Big Blue blew away closest competitor Oracle in a recent survey on financial institutions' favorite grid provider. But the confusing, conflicting definitions of what constitutes "grid" make the comparison one of apples to oranges, experts say.
Oracle Database 10g be damnedIBM has been doing grid for longer than Oracle, better than Oracle and for cheaper than Oracle, its database executives want us to know.
New features in the recently released DB2 Universal Database 8.2 deliver "a very simple way to set up a high-availability failover environment with a much more cost-effective value proposition than our closest competitor: up to 60 percent savings in some cases," Bob Picciano, IBM vice president of database technology, said in a recent interview
But is IBM capturing the hearts and minds of grid customers outside of academic institutions and huge research and development labs, or is Oracles 10g message gaining ground?
Picciano says yes, IBM most certainly can compete, pointing to proof in the form of the recently released 2004 rankings by Waters magazine,
a financial publication whose readers selected IBM as their No. 1 choice for a grid management provider.
IBM snagged 48.4 percent of the vote; thats double the ranking of second-place Oracle, which was selected by 22.2 percent of the 423 respondents.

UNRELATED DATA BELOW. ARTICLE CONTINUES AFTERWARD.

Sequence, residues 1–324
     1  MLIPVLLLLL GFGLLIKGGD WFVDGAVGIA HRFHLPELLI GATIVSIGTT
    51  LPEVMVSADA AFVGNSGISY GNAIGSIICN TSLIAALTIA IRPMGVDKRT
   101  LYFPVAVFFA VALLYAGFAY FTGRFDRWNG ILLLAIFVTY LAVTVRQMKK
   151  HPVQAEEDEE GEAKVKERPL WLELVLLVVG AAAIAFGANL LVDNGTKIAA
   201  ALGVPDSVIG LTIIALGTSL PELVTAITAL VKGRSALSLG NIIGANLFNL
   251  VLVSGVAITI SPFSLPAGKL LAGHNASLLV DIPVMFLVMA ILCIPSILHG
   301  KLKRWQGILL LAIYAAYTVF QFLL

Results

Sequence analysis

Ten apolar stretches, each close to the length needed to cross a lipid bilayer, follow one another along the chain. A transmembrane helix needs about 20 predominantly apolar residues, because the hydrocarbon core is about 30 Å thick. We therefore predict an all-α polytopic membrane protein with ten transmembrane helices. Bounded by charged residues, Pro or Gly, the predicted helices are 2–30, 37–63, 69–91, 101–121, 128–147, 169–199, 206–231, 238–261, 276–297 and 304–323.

"While many corporate technology vendors have yet to incorporate grid technology into their solutions, IBM has already created offerings for a number of vertical industries, including the financial services industry," Waters editors wrote.
Some agree. Dan Kaberon, director of computer resource management at Hewitt Associates LLC,
refers to the two projects hes running on IBM and DataSynapse Inc. grid technology as "the 2003 miracle" and "the 2004 miracle."
Hewitt, which is a global human resources outsourcing and consulting firm that delivers human capital management services including payroll, is currently running two applications on grid. Both were typical grid candidates: compute-intensive programs that sucked up a lot of mainframe horsepower and that were, consequently, expensive to run.
In 2003, Hewitt tackled a mainframe application that calculated pension benefits. Hewitt services benefits administration for large employers. External news events cause great spikes in demand for datathink of mergers and acquisitions, wars and natural disasters and how they influence peoples decisions to check their pension benefits or to request information on when they might retire. Because of such unpredictable flux in resource demand, planning horsepower was very difficult, Kaberon said.
Hewitt converted the pension application to run on Intel Corp. blade servers running Linux. With a "tremendous amount of help" from IBMs Center for Transaction Processing, Hewitt hooked up the blade servers to run in conjunction with the mainframe, thus offloading compute-intensive work from the expensive-to-run mainframe and onto the cheaper servers.